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When failure of the tear pump upsets the dynamic equilibrium between tear production and tear loss, resulting in tearing, numerous options for correction are available.
Chicago-When failure of the tear pump upsets the dynamic equilibrium between tear production and tear loss, resulting in tearing, numerous options for correction are available.
In a debate at the oculofacial plastic surgery subspecialty day program of the annual meeting of the American Academy of Ophthalmology, two surgeons made the case for their preferred surgical approach: lid tightening or dacryocystorhinostomy (DCR).
"The case for this is that the lid tightening is a very simple procedure in contrast to the somewhat more complex DCR and something that many comprehensive ophthalmologists should be able to perform," Dr. Holds said. "It can resolve tearing with minimal morbidity.
"We're approaching the problem anatomically instead of taking an end-run around it by performing DCR surgery," he added. "A tarsal strip procedure can be easily combined with other lid procedures such as punctoplasty and medial spindle ectropion repair for punctal malposition."
While acknowledging the occasional need for DCR surgery to deal with a coexisting functional nasolacrimal duct obstruction or a lacrimal pump system that is still incompetent after eyelid tightening surgery, Dr. Holds believes that most patients with eyelid laxity and a diagnosis of lacrimal pump failure deserve a lid tightening with a lateral tarsal strip procedure as their initial surgical approach.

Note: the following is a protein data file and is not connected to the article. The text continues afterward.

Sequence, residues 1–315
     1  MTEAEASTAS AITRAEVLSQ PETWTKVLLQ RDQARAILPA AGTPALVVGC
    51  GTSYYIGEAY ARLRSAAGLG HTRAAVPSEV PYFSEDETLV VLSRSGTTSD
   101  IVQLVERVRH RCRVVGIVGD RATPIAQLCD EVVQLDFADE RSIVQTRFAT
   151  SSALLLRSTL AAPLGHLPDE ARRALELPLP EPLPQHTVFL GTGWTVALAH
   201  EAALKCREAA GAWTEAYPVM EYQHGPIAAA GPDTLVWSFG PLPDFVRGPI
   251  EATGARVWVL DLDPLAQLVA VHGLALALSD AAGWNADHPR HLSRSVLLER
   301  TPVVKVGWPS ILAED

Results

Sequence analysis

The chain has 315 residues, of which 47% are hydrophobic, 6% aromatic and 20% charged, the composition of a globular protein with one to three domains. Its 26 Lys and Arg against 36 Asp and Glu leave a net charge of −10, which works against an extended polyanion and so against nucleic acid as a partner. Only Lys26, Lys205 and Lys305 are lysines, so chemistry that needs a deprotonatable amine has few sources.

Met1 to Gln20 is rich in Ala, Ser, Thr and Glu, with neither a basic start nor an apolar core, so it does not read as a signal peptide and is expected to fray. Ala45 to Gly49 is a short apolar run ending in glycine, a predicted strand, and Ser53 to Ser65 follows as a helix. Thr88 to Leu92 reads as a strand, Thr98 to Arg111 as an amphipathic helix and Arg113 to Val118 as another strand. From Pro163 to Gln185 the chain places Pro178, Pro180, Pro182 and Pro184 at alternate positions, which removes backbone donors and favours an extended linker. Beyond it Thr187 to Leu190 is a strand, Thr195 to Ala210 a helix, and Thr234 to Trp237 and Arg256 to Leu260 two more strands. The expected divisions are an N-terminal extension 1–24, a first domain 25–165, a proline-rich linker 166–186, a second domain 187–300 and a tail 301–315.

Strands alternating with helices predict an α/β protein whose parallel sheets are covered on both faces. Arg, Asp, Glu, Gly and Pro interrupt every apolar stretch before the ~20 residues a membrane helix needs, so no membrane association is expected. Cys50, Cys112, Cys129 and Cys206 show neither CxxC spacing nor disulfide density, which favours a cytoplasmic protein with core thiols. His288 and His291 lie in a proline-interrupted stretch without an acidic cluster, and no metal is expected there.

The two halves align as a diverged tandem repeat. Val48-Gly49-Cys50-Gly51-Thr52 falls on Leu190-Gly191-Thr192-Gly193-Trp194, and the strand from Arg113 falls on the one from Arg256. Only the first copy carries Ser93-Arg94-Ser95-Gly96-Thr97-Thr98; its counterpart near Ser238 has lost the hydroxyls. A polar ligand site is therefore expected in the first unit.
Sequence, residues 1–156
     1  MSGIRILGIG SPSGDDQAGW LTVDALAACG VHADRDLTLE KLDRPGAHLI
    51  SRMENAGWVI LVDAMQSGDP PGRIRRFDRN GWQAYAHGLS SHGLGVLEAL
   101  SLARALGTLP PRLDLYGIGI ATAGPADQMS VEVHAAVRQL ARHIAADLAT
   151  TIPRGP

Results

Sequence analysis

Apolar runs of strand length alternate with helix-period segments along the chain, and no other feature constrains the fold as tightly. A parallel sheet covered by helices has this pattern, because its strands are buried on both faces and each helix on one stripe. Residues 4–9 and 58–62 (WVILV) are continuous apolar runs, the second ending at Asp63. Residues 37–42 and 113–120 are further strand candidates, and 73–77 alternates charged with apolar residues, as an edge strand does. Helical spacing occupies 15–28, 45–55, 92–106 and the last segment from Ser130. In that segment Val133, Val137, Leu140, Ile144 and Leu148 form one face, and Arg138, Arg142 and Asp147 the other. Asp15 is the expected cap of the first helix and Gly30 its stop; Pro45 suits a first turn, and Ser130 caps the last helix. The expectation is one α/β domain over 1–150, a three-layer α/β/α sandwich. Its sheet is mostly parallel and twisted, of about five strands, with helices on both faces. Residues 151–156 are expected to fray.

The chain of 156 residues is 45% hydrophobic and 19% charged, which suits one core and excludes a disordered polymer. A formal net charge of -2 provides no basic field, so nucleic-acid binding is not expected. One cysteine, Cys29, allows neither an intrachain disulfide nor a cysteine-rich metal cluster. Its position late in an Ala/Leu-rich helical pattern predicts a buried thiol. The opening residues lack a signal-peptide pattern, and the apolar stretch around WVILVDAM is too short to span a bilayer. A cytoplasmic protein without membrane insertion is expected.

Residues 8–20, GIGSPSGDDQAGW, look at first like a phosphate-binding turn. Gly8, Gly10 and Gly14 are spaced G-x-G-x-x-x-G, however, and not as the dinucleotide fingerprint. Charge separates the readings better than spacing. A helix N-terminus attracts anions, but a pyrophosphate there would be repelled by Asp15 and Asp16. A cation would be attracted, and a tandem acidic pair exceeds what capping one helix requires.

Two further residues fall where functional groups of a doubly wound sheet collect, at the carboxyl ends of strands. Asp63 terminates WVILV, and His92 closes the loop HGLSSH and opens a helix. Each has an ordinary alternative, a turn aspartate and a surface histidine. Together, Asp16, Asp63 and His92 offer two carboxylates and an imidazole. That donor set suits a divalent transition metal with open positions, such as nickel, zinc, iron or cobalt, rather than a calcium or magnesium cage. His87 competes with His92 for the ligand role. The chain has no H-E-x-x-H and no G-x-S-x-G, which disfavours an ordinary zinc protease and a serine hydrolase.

Disadvantages of a lateral tarsal strip procedure may include postoperative tenderness in the lateral canthus and a brief recovery period. About 10% of patients may require a second procedure. This contrasts with DCR surgery, which can have significant risks of discomfort and nosebleed as well as significant and prolonged swelling and bruising, Dr. Holds said.
Making a case for DCR
He suggested that just as lacrimal dynamics must be viewed in the context of the entire ocular environment, functional nasolacrimal duct obstruction should likewise be considered in relation to changes in the whole lacrimal pathway-including the production side, lid functions, and tear drainage pathways.
"After failed medical therapy, DCR is the treatment of choice for functional nasolacrimal duct obstruction," Dr. Rose added.
When treating patients with functional nasolacrimal duct obstruction, the first logical step is to quiet the inflammatory component of the obstruction. The second is to increase the pick-up of the tears, and then finally to bypass one of the main areas of physiological narrowing-the nasolacrimal duct. In practical terms, however, Dr. Rose suggested that the greatest symptomatic control in these patients comes from medical therapy, followed where necessary by DCR, with eyelid surgery being used later to address problems due to premature spillage of tears from the center or lateral part of the lower eyelid contour.
The underlying inflammation is tackled with a potent anti-inflammatory regimen. The next step is to increase tear pick-up, but not by performing surgery on the lids. In many cases, this results in tears being retained in the tear layer, which may actually make patients' symptoms worse, Dr. Rose said.
The final step is to bypass the nasolacrimal duct stenosis, which addresses a major component of the obstruction and opens avenues for secondary treatment if symptoms persist.
This is important because, as shown in a study by Dr. Rose and Sven Sahlin, MD, many patients with persistent watering after DCR for functional nasolacrimal duct obstruction in fact have a better conductance than the normal lacrimal system. This suggests that another factor, such as hypersecretion, was a significant component of their functional blockage and that a few patients may require lid surgery.
John Bryan Holds, MD, FACS
Geoffrey E. Rose, FRCOphth
Phone: 02079 355385
Neither Dr. Holds nor Dr. Rose reported any relevant disclosures.